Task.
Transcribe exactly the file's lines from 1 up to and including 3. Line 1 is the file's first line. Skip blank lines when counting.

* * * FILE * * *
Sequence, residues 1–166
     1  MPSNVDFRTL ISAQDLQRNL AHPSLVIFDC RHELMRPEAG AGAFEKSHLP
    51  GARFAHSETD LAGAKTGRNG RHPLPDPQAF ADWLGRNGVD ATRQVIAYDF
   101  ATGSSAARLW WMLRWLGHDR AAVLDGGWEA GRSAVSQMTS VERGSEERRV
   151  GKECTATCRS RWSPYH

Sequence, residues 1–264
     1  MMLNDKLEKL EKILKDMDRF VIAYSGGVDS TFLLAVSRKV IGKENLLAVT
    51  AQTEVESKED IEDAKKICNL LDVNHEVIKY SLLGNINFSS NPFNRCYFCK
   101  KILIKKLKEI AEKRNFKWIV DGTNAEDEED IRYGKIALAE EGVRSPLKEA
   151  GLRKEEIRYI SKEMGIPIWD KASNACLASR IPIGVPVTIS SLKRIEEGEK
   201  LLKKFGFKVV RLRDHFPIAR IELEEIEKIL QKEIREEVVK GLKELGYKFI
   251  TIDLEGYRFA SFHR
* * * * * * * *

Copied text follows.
Sequence, residues 1–166
     1  MPSNVDFRTL ISAQDLQRNL AHPSLVIFDC RHELMRPEAG AGAFEKSHLP
    51  GARFAHSETD LAGAKTGRNG RHPLPDPQAF ADWLGRNGVD ATRQVIAYDF